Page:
MCIL and the Scouts are planning to coordinate on more of these projects and we expect that not only will the projects be helpful to people with disabilities in Memphis, but also helpful to the Eagle Scouts. This is one of the areas where there is a clear benefit to the community, and completely financed by the gifts and kindness of neighbors and friends.

The project was not easy. The Eagle Scouts used the good materials existing to build a strong structure. They cut and replaced all of the surface to be treated boards. This creates a solid surface that will not hold water and prevents the buildup of dirt. It is a lot stronger than the original ramp and will be good for a long time.

MCIL has a minor home modification program, but it has limited funds and must seek approval from the City of Memphis in a process that takes months. MCIL is looking to improve that program that is needed in Memphis.

Eagle Scout Candidates help with the ramp

Thursday, December 14, 2017

Transit and paratransit in Memphis

Take the Transportation Survey that is part of Memphis 3.0  

The ADA prohibits discrimination based on disability and requires accessibility in public transportation. In the past two decades since passage of the ADA, some progress has been made; however transportation options for people with disabilities remain unacceptably limited.  Mia R. Oberlink, reported in “Opportunities for Creating Livable Communities,” that of the nearly 2 million people with disabilities who never leave their homes, 560,000 never leave home because of transportation difficulties.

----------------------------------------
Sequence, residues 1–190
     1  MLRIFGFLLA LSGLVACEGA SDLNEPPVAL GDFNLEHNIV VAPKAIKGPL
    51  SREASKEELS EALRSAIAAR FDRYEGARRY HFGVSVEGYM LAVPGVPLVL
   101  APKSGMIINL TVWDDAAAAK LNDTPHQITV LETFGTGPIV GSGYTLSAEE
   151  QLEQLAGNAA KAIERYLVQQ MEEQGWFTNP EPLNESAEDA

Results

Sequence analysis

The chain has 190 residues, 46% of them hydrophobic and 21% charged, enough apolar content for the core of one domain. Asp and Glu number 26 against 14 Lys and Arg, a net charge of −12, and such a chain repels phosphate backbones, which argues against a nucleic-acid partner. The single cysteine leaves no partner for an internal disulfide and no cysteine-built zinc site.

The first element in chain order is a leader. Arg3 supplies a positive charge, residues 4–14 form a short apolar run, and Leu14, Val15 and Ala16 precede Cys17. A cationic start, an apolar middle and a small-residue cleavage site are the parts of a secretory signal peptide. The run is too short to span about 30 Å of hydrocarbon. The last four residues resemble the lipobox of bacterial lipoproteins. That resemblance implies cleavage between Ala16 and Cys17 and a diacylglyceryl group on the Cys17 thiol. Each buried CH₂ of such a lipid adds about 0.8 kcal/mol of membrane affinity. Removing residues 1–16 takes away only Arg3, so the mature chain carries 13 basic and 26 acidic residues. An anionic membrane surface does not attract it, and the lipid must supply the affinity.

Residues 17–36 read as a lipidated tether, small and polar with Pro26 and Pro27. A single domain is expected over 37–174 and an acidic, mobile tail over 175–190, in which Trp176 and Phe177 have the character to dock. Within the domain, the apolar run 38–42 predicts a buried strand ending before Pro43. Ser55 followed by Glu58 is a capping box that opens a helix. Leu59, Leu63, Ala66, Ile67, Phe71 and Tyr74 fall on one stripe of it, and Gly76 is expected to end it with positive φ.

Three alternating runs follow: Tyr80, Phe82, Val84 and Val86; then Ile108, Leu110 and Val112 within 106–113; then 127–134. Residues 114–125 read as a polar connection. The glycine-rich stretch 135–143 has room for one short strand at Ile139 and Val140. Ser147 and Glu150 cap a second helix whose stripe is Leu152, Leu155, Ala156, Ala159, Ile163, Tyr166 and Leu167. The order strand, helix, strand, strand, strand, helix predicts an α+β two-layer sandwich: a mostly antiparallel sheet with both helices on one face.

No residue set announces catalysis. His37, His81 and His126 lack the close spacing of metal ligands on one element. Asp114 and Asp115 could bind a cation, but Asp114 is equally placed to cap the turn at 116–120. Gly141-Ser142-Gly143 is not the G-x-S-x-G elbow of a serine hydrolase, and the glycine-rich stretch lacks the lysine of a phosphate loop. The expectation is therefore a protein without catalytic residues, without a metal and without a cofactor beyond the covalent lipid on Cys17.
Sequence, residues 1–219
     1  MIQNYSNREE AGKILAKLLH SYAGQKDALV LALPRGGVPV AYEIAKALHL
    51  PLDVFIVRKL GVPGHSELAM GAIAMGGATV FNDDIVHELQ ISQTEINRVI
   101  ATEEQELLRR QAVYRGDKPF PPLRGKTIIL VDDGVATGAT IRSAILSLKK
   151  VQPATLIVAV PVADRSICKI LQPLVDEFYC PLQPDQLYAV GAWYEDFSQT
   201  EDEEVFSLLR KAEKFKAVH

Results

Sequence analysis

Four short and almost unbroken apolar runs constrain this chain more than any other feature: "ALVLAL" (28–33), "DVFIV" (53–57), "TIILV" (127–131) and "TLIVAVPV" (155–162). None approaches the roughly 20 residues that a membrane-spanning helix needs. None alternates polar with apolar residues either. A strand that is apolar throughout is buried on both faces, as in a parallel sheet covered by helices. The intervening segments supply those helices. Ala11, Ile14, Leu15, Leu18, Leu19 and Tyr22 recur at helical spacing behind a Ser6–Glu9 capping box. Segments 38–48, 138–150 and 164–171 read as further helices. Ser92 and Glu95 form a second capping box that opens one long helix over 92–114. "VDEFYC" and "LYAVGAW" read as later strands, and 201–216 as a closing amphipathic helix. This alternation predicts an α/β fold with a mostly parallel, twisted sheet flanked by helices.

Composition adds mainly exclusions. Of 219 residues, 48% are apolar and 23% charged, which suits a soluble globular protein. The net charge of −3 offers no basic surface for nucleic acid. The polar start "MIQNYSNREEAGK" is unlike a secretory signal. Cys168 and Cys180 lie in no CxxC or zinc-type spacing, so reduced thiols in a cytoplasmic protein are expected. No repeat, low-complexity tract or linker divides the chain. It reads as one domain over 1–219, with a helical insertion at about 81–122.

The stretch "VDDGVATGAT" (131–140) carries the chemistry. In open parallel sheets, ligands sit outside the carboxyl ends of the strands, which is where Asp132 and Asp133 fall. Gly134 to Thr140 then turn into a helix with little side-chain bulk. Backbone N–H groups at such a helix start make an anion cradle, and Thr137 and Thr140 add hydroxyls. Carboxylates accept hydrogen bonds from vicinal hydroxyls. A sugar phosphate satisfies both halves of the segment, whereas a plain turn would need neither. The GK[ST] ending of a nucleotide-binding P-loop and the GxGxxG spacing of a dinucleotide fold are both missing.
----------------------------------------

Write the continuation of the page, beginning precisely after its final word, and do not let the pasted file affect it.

Transportation and mobility play key roles in the struggle for civil rights and equal opportunity in the disability community. Affordable and reliable transportation allows people with disabilities access to important opportunities in education, employment, health care, housing, and community life.

Even though paratransit services are provided to people with disabilities in Memphis, problems still persist.  Restrictive eligibility criteria, unfair trip denials, tardiness, failure to show-up for a ride, slow service in route, drivers’ lack of respect for users and inefficient and unfriendly telephone reservation systems. The paratransit system administration also provides inaccurate information, fails to respond to complaints, provides inadequate training for drivers and uses punitive cancellation policies.  As a community we cannot and should not be expected to depend solely on the paratransit system to travel in Memphis. 

People with disabilities in Memphis need more accessible, affordable transportation options that bring employment, health care, education, housing, and community life within reach. It is important that the disability community continue show up the way we did during the last Memphis 3.0 survey period which took place earlier this fall.  Our concerns about the current state and future of public transportation in Memphis were ranked third with more than 30 people responding to the survey. 

 As a community of bus riders with and without disabilities, we will have to make decisions that will not only impact our transportation needs in the years ahead, but the bus riders for decades to come.  One of the key questions this report examines is if we want buses to run more frequently or do we want more neighborhoods covered. 
To read the complete report or become an ambassador for a Memphis 3.0 event you can visit: 

Thursday, November 16, 2017

Pizza with Planners: Affordable Housing

Housing Trust Funds may help Memphis

By: Timothy Redd
Timothy Redd
On Tuesday November 14, 2017 I attended Pizza with Planners. The topic was affordable housing. There was a robust conversation about housing disparity and affordable housing in Memphis.

Justin Entzminger from Innovate Memphis walked us through the landscape the challenges Memphis faces. Some key things form the 2017 American Community Survey were: